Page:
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Testing for arrow keys..

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If you are programming for directx then use would use direct input, if you are programming for windows then you could use the WM_KEYDOWN message, if you are programming for dos you could start thinking about programming for directx.


/CMN

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quote:
Original post by Julio

isn''t MSVC++ a Windows only compiler? if not, what other os''s does it support?




I think he meant to ask whether he was making a console program, a windows program using just windows API calls, or a directX windows program.



Masters Software

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Guest Anonymous Poster
If you want to check key asynchronously (i.e. independently of your messageloop you can use

SHORT GetAsyncKeyState(INT vKey)

with a parameter of VK_LEFT, VK_RIGHT, VK_UP or VK_DOWN.
The value returned has the MSB set if the key is pressed and the LSB set if the key has been pressed sometime after the last call to GetAsyncKeyState

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In a windows app without using DirectInput I insert the following in my callback message handler.

switch(uMsg)
{
case WM_KEYDOWN:
switch (wParam)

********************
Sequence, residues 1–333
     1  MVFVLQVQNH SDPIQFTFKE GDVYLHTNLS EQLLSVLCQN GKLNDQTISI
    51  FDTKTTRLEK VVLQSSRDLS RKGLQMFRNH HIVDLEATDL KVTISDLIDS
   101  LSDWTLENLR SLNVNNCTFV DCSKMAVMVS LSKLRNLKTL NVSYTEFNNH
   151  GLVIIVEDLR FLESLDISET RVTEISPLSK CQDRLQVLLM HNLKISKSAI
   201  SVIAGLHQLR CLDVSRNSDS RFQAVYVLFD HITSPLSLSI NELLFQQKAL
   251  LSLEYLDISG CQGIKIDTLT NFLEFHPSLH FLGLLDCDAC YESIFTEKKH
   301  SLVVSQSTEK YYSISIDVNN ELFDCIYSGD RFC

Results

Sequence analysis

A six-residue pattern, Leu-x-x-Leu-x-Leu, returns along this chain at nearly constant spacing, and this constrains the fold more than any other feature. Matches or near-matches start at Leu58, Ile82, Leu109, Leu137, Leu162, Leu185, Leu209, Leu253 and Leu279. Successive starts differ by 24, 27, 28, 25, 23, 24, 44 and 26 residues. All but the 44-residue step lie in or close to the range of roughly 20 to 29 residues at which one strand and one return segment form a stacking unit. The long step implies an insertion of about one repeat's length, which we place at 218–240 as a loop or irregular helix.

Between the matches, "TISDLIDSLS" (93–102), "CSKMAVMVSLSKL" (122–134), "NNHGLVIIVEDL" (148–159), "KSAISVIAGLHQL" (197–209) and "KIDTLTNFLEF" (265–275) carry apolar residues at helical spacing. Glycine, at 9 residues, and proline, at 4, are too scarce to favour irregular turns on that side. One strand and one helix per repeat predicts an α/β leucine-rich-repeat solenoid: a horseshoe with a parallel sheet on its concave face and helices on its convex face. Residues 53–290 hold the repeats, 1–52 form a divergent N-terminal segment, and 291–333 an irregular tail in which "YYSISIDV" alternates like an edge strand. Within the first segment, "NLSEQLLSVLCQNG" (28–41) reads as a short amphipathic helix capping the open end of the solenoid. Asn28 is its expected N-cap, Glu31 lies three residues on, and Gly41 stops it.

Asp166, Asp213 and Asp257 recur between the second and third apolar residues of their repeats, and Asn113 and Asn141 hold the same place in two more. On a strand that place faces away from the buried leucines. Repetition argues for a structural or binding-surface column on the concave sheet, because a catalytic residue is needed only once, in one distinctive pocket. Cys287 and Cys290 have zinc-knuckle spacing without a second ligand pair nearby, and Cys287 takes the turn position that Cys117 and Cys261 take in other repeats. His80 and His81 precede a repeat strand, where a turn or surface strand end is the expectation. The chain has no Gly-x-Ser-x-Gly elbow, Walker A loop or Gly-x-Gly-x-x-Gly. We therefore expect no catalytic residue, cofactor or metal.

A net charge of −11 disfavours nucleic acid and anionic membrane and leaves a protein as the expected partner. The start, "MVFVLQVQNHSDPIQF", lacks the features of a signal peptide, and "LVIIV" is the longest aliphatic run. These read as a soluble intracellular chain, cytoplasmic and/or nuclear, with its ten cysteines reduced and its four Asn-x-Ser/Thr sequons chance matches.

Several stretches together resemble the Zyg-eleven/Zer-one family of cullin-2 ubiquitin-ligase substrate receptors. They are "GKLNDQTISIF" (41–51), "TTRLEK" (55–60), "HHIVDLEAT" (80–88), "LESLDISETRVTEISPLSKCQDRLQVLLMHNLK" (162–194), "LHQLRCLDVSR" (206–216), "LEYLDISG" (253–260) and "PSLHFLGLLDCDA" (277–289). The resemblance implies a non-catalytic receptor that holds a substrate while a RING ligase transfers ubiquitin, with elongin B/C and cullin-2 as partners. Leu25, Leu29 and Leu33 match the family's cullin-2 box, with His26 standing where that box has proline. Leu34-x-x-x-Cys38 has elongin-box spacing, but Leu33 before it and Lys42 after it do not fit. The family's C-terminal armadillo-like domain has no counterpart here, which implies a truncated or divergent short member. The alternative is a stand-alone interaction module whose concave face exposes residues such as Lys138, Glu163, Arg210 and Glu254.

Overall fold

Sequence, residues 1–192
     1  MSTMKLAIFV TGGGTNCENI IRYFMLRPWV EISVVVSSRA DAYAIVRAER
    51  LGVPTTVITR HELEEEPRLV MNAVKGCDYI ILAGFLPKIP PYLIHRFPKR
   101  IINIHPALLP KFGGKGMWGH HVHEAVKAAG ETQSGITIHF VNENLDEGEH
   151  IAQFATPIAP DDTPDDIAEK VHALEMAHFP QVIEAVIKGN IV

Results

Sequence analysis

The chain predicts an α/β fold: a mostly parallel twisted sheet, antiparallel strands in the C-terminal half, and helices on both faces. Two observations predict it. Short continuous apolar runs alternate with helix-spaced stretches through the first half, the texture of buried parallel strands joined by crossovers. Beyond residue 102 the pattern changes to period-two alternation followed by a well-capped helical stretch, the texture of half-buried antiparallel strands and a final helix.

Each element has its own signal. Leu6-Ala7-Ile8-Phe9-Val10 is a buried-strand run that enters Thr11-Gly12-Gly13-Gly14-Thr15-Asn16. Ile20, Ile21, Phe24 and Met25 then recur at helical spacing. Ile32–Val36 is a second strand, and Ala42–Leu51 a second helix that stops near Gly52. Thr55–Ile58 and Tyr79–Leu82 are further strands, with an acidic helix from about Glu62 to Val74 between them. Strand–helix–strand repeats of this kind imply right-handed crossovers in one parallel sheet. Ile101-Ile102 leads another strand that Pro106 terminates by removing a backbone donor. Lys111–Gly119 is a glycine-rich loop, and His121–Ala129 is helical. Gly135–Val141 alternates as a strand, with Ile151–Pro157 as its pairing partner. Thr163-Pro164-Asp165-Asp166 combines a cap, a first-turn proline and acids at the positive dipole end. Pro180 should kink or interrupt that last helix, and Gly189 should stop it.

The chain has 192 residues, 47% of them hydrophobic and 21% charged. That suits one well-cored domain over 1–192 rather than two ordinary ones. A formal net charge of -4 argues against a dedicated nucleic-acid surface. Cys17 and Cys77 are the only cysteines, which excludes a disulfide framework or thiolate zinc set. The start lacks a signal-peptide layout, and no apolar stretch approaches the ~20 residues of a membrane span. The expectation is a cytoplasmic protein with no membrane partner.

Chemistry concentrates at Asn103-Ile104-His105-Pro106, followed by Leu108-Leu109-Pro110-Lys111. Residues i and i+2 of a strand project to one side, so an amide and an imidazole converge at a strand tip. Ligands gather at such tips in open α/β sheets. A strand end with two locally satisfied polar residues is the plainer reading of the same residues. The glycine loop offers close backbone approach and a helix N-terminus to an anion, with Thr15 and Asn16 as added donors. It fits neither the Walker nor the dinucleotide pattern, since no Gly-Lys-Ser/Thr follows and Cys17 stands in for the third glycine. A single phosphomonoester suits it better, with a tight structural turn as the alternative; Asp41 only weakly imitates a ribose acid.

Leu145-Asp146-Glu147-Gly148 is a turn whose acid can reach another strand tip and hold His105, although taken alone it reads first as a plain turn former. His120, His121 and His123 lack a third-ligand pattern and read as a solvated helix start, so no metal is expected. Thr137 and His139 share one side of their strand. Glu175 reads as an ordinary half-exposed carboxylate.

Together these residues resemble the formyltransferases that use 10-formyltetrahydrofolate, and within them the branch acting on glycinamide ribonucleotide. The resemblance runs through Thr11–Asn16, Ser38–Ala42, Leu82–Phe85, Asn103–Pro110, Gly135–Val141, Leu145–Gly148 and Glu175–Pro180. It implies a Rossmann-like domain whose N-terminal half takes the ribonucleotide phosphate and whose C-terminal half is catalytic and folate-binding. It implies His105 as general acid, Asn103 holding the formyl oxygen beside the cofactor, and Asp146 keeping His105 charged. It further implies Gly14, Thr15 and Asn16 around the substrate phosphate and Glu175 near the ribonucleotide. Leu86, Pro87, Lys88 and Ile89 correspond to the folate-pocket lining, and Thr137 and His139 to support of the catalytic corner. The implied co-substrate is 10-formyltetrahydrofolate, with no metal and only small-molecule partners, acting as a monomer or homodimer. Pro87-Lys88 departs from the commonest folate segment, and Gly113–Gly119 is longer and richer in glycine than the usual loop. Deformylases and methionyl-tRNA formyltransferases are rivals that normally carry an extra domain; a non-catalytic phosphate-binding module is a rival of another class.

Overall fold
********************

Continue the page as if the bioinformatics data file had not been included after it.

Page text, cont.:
{
case VK_UP: break;
case VK_DOWN: break;
case VK_LEFT: break;
case VK_RIGHT: break;
case VK_CLEAR: break;
case VK_F1: break;
case VK_F2: break;
case VK_F3: break;
case VK_F4: break;
case VK_F5: break;
case VK_F6: break;
case VK_F7: break;
case VK_F8: break;
case VK_F9: break;
case VK_ESCAPE: break;
}
default: return DefWindowProc(hWnd,uMsg,wParam,lParam);
}
return 0L;
}

Hope this helps.

IceFire

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Just use this macro:

#define KEY_DOWN(vk_code) ((GetAsyncKeyState(vk_code) & 0x8000) ? 1 : 0)

then in your prog, just go:

if (KEY_DOWN(VK_RIGHT)
{
// do whatever
}

Hope that helps

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Well, yes, the virtual key codes would work for a windows environment, as stated above.

You could also use DirectInput.

But, when it gets down to the nitty-gritty, I believe that you could also test for those keys using their ASCII values, which are 028 through 031.

I think that these are correct:

028 = UP ARROW
029 = DOWN ARROW
030 = RIGHT ARROW
031 = LEFT ARROW

Of course, you might want to double-check those.

- Goblin
"In order to understand the full depth of mankind, you must first seperate the word into its component parts: 'mank' and 'ind'."

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